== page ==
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Anti-Bullying Ideas to Make Our Schools Safe

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As the mother of a bullied child, bullying is something I take very seriously. I'm glad that bullying is getting a lot of attention in the news lately. Anti-bullying ideas are greatly needed. It affects a lot of kids, either as participants or observers, and I think a few small changes could make a big difference, particularly within the school system. 

bullying boy

Our two older boys had very little experience with bullying, but sadly our youngest boy has had plenty of it. I'm not just talking a little bit of teasing or kids just harassing him, I'm talking major physical and emotional bullying and intimidation. There has been many different incidents from multiple attackers over a period of nearly two years. And all this before he was even ten years old!  Just thinking about it makes me physically ill.

And we live in a "nice" neighborhood on the "good" side of town. These aren't poor kids of low-income working parents, these are kids of well-educated, church-going parents, who live in nice houses, and have good jobs.

I was very involved in the resolution process and had meetings with the teachers, the principal, and even the school superintendent. Everyone involved including the principal and the school board, tried to put a stop to it, but nothing they did was particularly effective. They did expel one of his most persistent attackers, but since there were multiple boys and they were smart enough to act when supervision was minimal, the torment continued through most of the 4th and 5th grade. Mysteriously in the 6th grade, most of it stopped, and so far in junior high, he's been just fine. Who knows?

Anti-Bullying Ideas

Anyway, I promised you some solutions. As a front-line participant in all of this, I think I've got a pretty good perspective. Let's start with the victims. Part of the fear and frustration of being bullied is that victims don't know who or how to report the problem to. As a result, victims are sometimes not believed or aren't taken seriously.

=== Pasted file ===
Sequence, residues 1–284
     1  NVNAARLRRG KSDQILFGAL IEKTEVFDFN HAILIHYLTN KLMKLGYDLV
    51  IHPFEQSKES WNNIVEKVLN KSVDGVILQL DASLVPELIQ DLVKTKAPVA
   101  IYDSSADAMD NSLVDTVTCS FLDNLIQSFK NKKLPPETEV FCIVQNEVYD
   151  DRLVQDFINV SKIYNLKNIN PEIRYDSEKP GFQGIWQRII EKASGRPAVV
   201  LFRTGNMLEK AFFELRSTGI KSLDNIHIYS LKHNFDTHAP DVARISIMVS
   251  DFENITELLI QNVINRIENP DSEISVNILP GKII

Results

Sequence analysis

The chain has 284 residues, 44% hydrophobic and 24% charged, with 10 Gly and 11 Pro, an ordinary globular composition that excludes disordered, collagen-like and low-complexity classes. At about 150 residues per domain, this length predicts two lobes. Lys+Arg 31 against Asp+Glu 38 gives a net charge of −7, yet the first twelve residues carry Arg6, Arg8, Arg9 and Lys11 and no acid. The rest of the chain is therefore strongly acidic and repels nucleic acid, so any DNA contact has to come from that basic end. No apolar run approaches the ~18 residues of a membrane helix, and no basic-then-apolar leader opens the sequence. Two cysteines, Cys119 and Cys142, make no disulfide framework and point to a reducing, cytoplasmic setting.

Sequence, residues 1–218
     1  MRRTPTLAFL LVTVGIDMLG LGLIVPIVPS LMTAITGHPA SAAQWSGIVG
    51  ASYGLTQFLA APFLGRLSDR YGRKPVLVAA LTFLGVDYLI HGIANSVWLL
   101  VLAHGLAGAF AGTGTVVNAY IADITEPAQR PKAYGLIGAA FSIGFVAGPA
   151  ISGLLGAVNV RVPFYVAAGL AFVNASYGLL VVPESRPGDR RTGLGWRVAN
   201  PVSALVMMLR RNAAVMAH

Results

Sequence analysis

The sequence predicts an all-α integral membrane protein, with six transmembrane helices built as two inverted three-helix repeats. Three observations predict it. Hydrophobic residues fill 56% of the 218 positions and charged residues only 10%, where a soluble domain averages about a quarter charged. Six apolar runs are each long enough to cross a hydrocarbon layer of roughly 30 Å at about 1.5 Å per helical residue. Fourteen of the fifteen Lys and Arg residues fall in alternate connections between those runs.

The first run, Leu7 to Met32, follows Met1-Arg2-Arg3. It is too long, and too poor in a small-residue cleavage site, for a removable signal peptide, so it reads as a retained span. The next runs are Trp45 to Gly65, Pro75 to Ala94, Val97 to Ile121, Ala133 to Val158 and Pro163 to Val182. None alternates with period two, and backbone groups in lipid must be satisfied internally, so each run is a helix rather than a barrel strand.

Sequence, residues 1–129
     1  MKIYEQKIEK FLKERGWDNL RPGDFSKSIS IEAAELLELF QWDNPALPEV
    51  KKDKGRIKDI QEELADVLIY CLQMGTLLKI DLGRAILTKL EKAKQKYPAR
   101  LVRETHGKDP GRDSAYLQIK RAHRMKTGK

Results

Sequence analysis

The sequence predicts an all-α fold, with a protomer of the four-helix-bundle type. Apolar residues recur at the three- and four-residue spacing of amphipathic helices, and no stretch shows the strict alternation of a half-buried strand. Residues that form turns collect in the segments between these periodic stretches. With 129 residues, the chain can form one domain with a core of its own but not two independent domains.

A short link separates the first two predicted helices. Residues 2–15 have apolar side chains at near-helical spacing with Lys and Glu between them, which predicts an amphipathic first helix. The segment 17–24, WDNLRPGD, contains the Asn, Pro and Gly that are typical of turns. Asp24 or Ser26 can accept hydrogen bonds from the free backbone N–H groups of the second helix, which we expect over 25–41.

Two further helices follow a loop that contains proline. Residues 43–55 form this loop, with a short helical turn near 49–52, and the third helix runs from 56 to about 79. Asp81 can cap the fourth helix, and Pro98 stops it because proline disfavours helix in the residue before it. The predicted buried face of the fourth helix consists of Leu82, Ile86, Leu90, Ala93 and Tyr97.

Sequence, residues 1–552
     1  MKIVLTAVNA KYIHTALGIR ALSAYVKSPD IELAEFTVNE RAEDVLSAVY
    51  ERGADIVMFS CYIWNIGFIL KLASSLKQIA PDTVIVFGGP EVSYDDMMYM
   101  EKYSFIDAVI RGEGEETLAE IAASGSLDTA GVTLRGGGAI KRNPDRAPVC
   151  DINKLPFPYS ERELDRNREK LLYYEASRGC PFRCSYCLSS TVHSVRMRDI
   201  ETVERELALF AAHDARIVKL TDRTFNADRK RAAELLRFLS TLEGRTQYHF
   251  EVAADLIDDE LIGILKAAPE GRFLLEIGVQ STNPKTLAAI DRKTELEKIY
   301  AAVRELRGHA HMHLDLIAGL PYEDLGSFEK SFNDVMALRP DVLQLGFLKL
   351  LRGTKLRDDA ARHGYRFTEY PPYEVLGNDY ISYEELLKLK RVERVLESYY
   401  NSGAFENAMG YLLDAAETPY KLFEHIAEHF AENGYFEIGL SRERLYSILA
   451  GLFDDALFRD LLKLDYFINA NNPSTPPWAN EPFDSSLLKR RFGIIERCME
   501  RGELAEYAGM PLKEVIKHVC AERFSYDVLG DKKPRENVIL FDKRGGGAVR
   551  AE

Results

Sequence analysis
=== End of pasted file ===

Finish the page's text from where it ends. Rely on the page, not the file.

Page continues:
What if there was a way kids could report bullying consistently and anonymously, every time an incident occurred? What if teachers set aside a few minutes at the end of the day when kids could come to them anonymously to report any bullying incidents throughout the day? What if the teacher was required to create a written report of any incidents to be passed onto a weekly bullying task force? That gets the problems out into the open.  

Who would make up this task force? The kids. Kids are quite capable of disciplining each other fairly, when given the training and opportunity to do so. If there was a council of 5 or so older students, with faculty supervision, who could meet for an hour or two a week to hear the facts, determine the guilt or innocence, and hand out the appropriate punishment, I think kids would take them a lot more seriously. It makes more of an impression if your peers disapprove of your behavior, than adults who seem to be always criticizing kids anyway.

If these same kids were given the same authority as playground aides to deal with any horseplay or bullying, that would multiply the amount of supervision available on playgrounds and buses, in restrooms, and in lunch areas—all prime real estate for bullying incidents. They wouldn't be given authority to punish on the spot or to physically intervene, but if they had the authority to tell the bully to stop, and to report the incident to a teacher or principal, that would help a lot.

Another problem is that the current punishments are ineffective. As my son's case shows, nothing the staff did put any particular damper on the abuse. The typical chain of punishment goes:

  • Warning
  • Reprimand from teacher, and a possible note home
  • Sent to think time, or time out.
  • Detention or other after-school or recess punishment
  • Sent to Principal, Vice Principal, or Nova Officer for a talk
  • Parents called
  • In-school suspension (required to sit in a lower grade classroom for part or all of the day)
  • Out of school suspension—usually for a day or so, rarely for longer unless a weapon is involved
  • Expelled—requires a school board hearing and a majority decision by the board. Then they simply start over at a new school with a whole new batch of potential victims.

These can vary depending on the school official involved, the age of the child, or the severity of the behavior. But what I don't see is anything about actually teaching the bully anything about how to change his/her behavior.

Here are some ways this could change:

  • Warning
  • Reprimand from teacher or student council
  • Write 1-4 page report about the effects of bullying plus a public apology to the victim.
  • Watch an anger management or anti-bullying film and a written plan for behavior change.
  • Mandatory half-day anti-bullying class (preferably on a Saturday)
  • Mandatory referral to a therapist for at least 1 month of treatment plus virtual restraining order from any know victims. No contact with the victim(s) until released by therapist.
  • Expelled—either to home schooling, or to a juvenile facility. Not allowed back in school for six months and only with approval of a therapist.


 Have you or your children been bullied, and if so, how did you get help?

Photo courtesy of flickr

Adrian's Crazy Life is just that, bits and pieces of my crazy life—my job, my three fabulous boys, my papercrafting business, my four grandkids, the whole enchilada. I'm always going 90 miles an hour with my hair on fire, but I wouldn't have it any other way.

I love to give advice of all kinds, so I have lots and lots of posts on my site about decluttering, managing your finances, parenting, and whatever else I feel like an expert on that day. C'mon over and visit me at

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